India should have been 2-2 going into decider

Mahendra Singh Dhoni (Photo courtesy: Forbes India)
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By Veturi Srivatsa

After losing a second game despite scoring 300-plus, Mahendra Singh Dhoni observed that, given the attack he has in the ongoing series against Australia, his team needs to score more to put the opposition batsmen under pressure.

The Indian captain looked good to win both the third and fourth matches to go into the decider 2-2, if not more. They had absolutely no business to lose at the Manuka Oval in Canberra when they were set to get 349, the kind of score Dhoni was hinting at from his batsmen after losing the first two games.

Mahendra Singh Dhoni (Photo courtesy: Forbes India)
Mahendra Singh Dhoni (Photo courtesy: Forbes India)

They were on course, too, till a dreadful collapse from a position of strength put paid to their aspirations thus missing an opportunity to prove that that they are not as bad a side as they are made out to be after losing the series 0-3.

Wonder if any team has lost four matches in a row after getting 300-plus in the first two matches, and coming close to in the third and chasing the biggest of them all in the fourth. Australia comfortably reached targets of 310, 309 and 296 and set a record at WACA in Perth, Gabba in Brisbane and MCG in Melbourne for chasing.

Come to think of it, two years ago India chased down Australia’s 360-run target for the loss of only Shikhar Dhawan’s (95 off 86 balls) wicket at the Sawai Man Singh Stadium in Jaipur with a whopping 39 balls still remaining. It was again Rohit Sharma (141 not out off 123 balls) and Virat Kohli (100 off 52 balls) who saw the team through.

The same trio made light of a 351-run target in the sixth match at Jamtha, Nagpur, this time Dhawan and Kohli hitting hundreds and Rohit 79, and in the seventh and last match, Rohit cracked his first double century (209) to leave Australia unsuccessfully chasing 383 runs. So it is not that the Indians did not win matches posting or chasing 300 plus scores.

On the current tour, Dhoni clearly looked disturbed when his team could not defend winnable totals in the first two matches and then crashing from 277 for one to 323 all out in the fourth. If he thought his bowlers needed a cushion of more runs while defending he found his middle and lower order batsmen wanting after the top order put them on the way to a comfortable victory.

To dub the Indians chokers or not good enough to play overseas may be stressing the obvious, but they did not give it up without a fight for a fair distance.

Dhoni tried to defend the newcomers, but in his heart of hearts he knows some of them had no excuses to trot out for their mindless approach. They lacked the simple cricketing sense of how to bowl at particular stages or how to stay at the wicket. These things can’t be taught to a bowler or batsmen at the international level. These abilities are inculcated in them by their coaches at all levels of their career as most of them come through the age-group stages.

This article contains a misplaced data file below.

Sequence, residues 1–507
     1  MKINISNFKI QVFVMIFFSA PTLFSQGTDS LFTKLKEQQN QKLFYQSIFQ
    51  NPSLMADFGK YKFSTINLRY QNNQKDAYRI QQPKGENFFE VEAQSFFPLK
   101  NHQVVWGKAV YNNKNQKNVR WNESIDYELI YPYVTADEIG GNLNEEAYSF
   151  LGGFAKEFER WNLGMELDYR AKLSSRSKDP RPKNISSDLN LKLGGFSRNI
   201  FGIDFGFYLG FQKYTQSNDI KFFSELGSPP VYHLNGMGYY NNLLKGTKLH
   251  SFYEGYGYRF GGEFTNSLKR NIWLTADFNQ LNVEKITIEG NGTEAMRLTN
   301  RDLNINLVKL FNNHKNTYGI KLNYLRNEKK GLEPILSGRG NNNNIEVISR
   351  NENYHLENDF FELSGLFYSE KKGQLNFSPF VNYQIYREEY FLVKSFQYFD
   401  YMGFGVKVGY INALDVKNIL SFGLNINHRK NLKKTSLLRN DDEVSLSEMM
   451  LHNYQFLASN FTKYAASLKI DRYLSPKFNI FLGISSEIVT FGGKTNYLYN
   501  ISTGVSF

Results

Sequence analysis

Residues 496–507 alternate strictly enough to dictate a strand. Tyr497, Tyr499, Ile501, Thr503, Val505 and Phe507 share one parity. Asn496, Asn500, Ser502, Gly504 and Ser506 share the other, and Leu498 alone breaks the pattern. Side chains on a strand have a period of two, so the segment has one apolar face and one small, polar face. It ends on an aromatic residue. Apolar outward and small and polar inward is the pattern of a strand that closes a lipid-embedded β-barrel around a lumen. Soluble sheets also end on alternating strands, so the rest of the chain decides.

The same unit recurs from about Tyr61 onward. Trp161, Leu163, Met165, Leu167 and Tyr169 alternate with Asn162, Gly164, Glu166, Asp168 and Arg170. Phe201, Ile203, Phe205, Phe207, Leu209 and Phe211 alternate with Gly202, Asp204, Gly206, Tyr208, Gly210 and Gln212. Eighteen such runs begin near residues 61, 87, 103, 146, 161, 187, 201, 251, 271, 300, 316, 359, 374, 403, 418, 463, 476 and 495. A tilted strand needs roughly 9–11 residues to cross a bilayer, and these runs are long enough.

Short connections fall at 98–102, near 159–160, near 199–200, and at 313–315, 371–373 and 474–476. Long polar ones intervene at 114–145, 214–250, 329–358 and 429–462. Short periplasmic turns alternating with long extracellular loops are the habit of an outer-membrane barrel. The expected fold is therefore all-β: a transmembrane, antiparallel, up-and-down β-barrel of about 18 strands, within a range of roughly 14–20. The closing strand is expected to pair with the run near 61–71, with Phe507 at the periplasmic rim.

The tragedy is some have been inducted into the national side on their showing in the Indian Premier League (IPL) where they get away with such slam-bang, certainly not at the international arena. What beats is someone like Ravindra Jadeja, who has been around for quite some years, did not think of walking down the pitch to calm down Gurkeerat Mann or Rishi Dhawan after they hit a four each. To say that he is not a communicator sounds ludicrous.

But then the youngsters have not been able to utilise the opportunities they got fully. The selectors wanted to see their mettle following their excellent showing in domestic cricket, and there cannot be a better place to test their temperament than in Australia. They need not be written off after a failure or two.

Take the case of Brinder Sarn, he had an impressive debut as the Australians had not played him before. Once they got the hang of his bowling he started trying out new things and kept faltering. The more he bowls the more he will, hopefully, learn. Umesh Yadav looked as good when he first came on the scene, but he is still struggling for consistency.

There is also the danger of packing the squad with bits-and-pieces players. That has left little room for the team management to maneuver with no specialist batsman like Ambati Rayudu or Suresh Raina on the bench. A specialist batsman could have been tried. Manish Pandey should also be tried out over a longer period.

No point going after the captain unless he himself says he is no longer motivated enough to play. Captains have in the past relinquished the job and played under players much junior to them. See the number of captains Sachin Tendulkar played under.

Just as Dhoni was, Kohli is fortuitous in taking the Test team to number one position and the clamour for a change at the top will increase. Just as he did when he quit Test cricket, he will anoint Kohli as his successor in the other forms, too.

Dhoni is bang on in his now philosophical discourses after every defeat: It’s not about the leader, he’s there today and tomorrow someone else will be in that position, what’s important is to see the areas the team is lacking in and the departments to improve.



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